34.The CEDAW Committee advocates abortion law should be decriminalised in all situations. Our Committee has considered the matter of the law in Northern Ireland within the debate about wider reform to abortion law in England and Wales. However, there is no international legal obligation that provides a right to abortion whether through the civil or criminal law. Our Committee therefore notes that the view expressed by the CEDAW Committee is advisory—and in this case without the backing of international law that they are supposed to work within—so to suggest that the Government establish a framework to address the recommendations of the CEDAW report places a disproportionate and misguided degree of authority on its substantive findings and the limited jurisdiction of this unelected UN Committee.
35.We have heard three other reasons frequently cited in support of a change in the law. Firstly, that the recommendations of the Working Group on Fatal Fetal Abnormality, which reported in Northern Ireland Ministers in 2016 (but was only made publically available in 2018), have not yet been implemented. The recommendations included a change to the law on abortion in cases where a pregnancy involved an FFA diagnosis.Secondly, because of evidence put to our Committee that there is a conflict between what medical professionals feel is their “duty of care” towards women with a diagnosis of fatal foetal abnormality and the existing law. Thirdly, concerns that the current law is putting lives at risk.
36.The Committee has already set out why the devolution settlement and upholding the principals of devolution should be of great importance. This Working Group on Fatal Fetal Abnormality was commissioned by Ministers in a devolved legislature to make recommendations on what was recognised to be a controversial subject.
37.It is surely up to that legislature to implement the recommendations of the Working Group, as they see fit, after the Report has been the subject of scrutiny and debate within the Northern Ireland Assembly. This process has not been able to happen and there has been no opportunity for the people and wider medical profession of Northern Ireland to input their views into this process locally through their democratically elected representatives.
38.Given there has not been an opportunity for a wider debate on the recommendations of the Working Group report, there are a number of points for consideration.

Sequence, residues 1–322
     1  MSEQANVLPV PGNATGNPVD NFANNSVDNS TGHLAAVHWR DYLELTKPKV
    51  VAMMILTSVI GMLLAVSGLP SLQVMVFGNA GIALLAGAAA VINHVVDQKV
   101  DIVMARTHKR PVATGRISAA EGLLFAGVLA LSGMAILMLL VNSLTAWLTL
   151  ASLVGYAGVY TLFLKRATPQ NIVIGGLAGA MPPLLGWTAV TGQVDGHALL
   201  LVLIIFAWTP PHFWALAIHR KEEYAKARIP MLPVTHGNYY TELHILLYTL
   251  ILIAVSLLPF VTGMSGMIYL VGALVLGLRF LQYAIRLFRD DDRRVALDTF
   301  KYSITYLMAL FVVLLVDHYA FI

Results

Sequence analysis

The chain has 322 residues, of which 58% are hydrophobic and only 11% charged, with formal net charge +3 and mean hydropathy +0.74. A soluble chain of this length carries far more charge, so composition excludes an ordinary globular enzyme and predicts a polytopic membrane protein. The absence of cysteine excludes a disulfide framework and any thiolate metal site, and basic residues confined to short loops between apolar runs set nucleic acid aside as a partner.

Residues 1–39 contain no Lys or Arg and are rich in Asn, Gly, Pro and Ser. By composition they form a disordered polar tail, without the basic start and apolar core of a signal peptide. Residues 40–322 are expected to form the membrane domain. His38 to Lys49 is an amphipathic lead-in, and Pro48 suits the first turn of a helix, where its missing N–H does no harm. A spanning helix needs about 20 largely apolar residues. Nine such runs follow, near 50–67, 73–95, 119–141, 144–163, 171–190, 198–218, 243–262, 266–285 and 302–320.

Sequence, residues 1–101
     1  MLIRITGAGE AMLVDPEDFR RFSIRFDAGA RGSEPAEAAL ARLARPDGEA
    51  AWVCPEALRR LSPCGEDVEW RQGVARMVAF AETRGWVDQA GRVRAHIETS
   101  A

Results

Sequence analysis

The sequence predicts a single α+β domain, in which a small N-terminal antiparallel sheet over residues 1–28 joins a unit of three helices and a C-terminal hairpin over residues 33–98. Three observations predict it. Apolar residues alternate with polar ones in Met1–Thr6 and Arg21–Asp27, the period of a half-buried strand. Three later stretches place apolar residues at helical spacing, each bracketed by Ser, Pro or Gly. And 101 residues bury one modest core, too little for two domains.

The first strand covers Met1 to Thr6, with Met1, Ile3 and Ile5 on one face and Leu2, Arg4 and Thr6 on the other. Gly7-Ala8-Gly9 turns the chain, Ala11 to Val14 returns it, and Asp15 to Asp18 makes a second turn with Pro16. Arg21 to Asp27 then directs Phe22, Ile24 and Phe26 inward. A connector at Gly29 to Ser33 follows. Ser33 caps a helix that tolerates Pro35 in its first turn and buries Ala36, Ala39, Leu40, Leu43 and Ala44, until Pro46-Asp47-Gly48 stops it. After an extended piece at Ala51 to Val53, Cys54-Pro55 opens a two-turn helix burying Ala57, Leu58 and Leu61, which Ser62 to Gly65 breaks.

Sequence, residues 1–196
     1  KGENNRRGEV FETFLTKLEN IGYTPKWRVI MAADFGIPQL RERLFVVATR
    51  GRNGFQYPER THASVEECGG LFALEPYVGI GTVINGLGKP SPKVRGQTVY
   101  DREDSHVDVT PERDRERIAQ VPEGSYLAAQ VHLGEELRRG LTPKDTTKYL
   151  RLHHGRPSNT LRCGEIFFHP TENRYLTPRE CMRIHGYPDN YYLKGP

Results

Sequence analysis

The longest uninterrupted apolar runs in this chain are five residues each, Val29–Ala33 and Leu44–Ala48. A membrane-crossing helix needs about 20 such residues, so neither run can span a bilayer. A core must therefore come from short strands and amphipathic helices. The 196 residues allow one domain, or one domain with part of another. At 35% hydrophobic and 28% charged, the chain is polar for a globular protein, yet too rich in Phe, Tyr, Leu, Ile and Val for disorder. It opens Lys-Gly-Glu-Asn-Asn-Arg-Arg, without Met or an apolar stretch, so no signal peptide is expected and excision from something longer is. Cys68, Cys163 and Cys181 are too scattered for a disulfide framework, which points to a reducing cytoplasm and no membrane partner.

39.Firstly, the Working Group Report states that the evidence from medical professionals is that they feel their duty of care towards women in cases of fatal foetal abnormality is in conflict with the law, which offers them little clarity regarding the situations they can offer a woman a termination. This point was repeated by the Chief Medical Officer of Northern Ireland on the basis of the findings of the Working Group. These findings are of concern. However, there is no indication in this report as to who the medical professionals who took part in the Working Group were bar that they were members of relevant professional bodies, nor was any indication given regarding the numbers of professionals practicing in Northern Ireland who feel they cannot carry out their duty of care effectively; nor whether any alternative views were given or sought. If the Report had been debated by the Northern Ireland Assembly, it is likely that this information would have come to light, which would be important before acting on any of its findings.
40.Secondly, while concerns about care are reported, it is worth noting that there have been no complaints made to the GMC by patients experiencing a pregnancy with an FFA diagnosis, about the conduct of doctors in Northern Ireland.
41.Thirdly, the elements of the Report that highlight proposals (yet to be implemented) for improved practical care for women—equal treatment under the Maternity Strategy with other expectant women and the creation of a Regional Centre—have not been as intensively scrutinised during this inquiry as arguments for changing the law. These proposals could make a practical difference to the care of women facing a pregnancy with an FFA diagnosis and it would be premature to recommend that a key aspect of devolution is contradicted - with all the attendant constitutional implications - before these changes are made and the impact of them is measured.